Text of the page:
The mountains of rubbish that have greeted festival-goers and made Edinburgh residents’ lives misery are set to become a familiar sight across Scotland as waste workers at more councils walk out.
From Wednesday, staff at 13 local authorities, including Glasgow, Dundee, and Aberdeen, will join those in the capital and strike as unions ratchet up the pressure in their pay dispute.
Trade unions were offered a 5% pay rise by Cosla, the body representing local government, but despite “productive” talks a deal was not reached.
Wendy Dunsmore, Unite’s industrial officer, said the “dispute will continue to escalate to a point where it could now go beyond the winter, causing months of massive nationwide disruption”.
“It’s a sad indictment that council workers in Scotland are being offered substantially less than their counterparts in England,” she said.
“The cold hard reality is that inflation and energy costs are soaring – and they are predicted to rise even higher.”
Ms Dunsmore put the blame “at the doors of Cosla and the Scottish Government”, but on Tuesday First Minister Nicola Sturgeon said Holyrood did not have a “bottomless pit of money” and insisted she wanted to “see the fairest possible pay deal delivered to public sector workers in very difficult times”.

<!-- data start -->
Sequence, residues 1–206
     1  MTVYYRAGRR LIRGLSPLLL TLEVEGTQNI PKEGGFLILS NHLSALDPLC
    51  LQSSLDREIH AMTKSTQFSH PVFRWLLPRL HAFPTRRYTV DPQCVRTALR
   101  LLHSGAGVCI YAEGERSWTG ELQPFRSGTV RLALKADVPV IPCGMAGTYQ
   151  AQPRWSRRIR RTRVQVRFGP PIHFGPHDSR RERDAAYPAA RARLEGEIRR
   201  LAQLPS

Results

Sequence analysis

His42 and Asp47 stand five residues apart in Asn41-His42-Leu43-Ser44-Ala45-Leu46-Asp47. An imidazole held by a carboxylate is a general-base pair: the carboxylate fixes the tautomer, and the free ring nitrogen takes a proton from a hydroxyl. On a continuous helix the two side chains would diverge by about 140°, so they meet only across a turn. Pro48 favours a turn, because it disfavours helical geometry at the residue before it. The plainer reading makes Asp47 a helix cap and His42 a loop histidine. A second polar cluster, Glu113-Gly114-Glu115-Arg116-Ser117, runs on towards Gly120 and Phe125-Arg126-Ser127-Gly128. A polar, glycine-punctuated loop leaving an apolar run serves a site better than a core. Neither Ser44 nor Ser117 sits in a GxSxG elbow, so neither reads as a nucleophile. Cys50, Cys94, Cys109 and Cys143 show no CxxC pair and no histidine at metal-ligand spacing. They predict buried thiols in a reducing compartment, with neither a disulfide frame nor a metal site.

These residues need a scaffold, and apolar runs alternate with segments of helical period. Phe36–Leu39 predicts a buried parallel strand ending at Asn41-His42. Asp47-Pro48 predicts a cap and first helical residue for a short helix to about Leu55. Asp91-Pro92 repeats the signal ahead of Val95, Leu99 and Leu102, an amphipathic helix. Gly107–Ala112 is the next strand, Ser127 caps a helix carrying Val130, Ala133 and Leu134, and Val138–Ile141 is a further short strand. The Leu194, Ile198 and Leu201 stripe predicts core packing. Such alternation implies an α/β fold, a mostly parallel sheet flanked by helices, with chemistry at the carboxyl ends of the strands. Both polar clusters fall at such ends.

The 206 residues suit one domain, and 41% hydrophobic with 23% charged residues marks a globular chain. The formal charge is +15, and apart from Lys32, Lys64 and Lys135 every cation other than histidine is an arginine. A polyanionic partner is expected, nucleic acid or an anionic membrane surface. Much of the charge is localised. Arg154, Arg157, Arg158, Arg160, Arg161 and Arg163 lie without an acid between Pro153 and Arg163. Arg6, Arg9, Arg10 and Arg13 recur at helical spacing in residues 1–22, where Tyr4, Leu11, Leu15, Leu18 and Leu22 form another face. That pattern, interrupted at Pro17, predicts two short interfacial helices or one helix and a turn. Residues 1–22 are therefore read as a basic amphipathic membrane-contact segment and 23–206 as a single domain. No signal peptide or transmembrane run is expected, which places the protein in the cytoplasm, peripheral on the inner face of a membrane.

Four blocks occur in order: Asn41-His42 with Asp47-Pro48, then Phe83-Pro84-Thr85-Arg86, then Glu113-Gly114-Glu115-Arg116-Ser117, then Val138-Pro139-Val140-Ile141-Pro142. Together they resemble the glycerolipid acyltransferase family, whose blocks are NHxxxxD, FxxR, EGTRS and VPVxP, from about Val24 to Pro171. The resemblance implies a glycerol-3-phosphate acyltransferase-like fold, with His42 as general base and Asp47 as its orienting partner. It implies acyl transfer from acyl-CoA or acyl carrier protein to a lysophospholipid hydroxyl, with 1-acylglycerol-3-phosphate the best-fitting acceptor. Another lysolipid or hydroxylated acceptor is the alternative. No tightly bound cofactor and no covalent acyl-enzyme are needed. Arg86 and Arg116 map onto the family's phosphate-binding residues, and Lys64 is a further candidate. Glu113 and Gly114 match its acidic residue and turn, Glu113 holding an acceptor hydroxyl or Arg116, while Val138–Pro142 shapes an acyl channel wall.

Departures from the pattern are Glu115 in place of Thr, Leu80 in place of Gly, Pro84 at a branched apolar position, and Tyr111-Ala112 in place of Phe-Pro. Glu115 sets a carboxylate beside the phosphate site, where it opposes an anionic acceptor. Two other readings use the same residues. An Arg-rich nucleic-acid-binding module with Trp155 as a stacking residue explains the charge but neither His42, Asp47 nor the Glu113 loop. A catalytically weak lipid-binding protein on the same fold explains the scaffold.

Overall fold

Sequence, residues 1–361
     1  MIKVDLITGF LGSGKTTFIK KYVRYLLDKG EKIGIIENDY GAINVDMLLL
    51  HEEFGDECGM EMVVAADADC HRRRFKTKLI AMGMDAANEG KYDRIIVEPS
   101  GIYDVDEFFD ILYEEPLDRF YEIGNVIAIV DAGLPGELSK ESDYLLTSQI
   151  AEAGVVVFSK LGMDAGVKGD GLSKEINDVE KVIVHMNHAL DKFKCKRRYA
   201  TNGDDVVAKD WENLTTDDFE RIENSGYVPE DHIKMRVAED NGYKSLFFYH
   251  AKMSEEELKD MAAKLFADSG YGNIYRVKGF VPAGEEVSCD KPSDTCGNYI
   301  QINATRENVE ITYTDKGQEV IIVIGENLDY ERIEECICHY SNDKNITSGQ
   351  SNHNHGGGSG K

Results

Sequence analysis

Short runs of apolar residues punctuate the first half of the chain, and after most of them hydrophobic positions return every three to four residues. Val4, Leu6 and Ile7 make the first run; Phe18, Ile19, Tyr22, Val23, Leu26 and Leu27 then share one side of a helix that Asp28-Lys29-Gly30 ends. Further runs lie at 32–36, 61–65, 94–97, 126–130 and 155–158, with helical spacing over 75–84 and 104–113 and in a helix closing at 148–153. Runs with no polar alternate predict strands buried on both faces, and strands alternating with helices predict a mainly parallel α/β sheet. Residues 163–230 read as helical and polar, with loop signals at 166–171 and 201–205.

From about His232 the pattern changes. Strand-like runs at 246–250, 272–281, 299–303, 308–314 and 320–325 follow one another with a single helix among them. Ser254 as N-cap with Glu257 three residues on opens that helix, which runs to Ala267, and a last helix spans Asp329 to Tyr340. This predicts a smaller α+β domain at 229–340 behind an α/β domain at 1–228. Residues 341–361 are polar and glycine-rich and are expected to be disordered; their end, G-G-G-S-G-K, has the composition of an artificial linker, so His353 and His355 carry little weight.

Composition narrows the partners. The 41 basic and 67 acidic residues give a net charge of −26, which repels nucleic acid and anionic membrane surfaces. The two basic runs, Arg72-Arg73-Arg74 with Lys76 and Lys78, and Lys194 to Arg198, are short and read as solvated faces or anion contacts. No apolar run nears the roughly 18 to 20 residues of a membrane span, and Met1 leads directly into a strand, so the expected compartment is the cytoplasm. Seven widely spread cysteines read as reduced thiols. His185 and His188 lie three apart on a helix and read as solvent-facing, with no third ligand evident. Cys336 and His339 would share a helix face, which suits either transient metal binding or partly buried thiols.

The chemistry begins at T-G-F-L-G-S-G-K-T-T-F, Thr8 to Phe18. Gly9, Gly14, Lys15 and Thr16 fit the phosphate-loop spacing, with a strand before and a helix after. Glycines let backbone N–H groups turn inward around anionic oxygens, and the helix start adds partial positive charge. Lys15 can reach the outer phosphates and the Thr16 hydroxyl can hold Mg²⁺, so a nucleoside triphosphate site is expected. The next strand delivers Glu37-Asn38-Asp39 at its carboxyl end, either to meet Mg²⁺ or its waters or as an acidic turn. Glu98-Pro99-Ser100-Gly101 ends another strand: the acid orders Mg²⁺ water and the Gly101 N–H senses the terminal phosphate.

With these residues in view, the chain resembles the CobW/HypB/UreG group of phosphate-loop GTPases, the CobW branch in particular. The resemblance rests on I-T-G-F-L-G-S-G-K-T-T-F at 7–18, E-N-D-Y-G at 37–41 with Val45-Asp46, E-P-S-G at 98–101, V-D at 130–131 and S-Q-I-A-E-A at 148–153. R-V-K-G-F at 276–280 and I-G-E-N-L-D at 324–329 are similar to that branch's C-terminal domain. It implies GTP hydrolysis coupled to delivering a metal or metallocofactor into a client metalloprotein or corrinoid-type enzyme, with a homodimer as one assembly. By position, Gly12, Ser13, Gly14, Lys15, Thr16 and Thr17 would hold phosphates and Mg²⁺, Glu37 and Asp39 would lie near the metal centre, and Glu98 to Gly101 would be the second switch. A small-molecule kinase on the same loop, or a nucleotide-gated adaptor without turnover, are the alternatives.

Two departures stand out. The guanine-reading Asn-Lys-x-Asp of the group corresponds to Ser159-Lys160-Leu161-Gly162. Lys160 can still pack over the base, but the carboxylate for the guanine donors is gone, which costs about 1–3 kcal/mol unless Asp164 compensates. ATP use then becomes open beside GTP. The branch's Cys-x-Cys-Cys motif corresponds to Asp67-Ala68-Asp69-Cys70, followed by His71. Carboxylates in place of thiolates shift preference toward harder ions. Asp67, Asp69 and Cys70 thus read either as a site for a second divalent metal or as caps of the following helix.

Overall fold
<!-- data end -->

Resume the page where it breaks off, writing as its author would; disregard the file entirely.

Ms Sturgeon said the “Scottish Government has a finite budget” and has already given councils £140 million “to help fund a fair pay deal”.
In the Scottish capital, which has seen its streets strewn with litter and bins overflowing, council leader Cammy Day said he was “disappointed” a deal was not reached.
“This is a national crisis playing out in Edinburgh’s streets during our busiest and most important time of the year,” he said.
“And while this clearly shows the value of our waste teams’ work, it also demonstrates a national failure to find an acceptable resolution.”
Edinburgh’s waste workers in Unite are set to strike until August 30, while in the further 13 council areas industrial action will continue until August 31.
Unison and GMB will see their members walk out between August 26 to 29 and September 7 to 10.
Johanna Baxter, Unison Scotland’s head of local government, called for an “urgent intervention” from Deputy First Minister John Swinney to help reach an agreement.
Meanwhile, Keir Greenaway, GMB Scotland’s senior organiser, said Cosla would have to do “so much better” when they meet again on Friday, and warned that if concerns were not addressed, “strikes will continue, and they will grow”.
“Our members are angry about the lack of value being shown to them by political leaders and scared about the prospect of pay that doesn’t confront a cost-of-living crisis that’s getting worse by the week,” he said.
Under the current deal tabled, the lowest paid council staff would see their salaries rise to £10.50 an hour.
Unite said that, for more than half of council workers, Cosla’s offer represented a rise of between £900 to £1,250. But in England, the union said, council workers have been offered a £1,925 flat rate pay offer.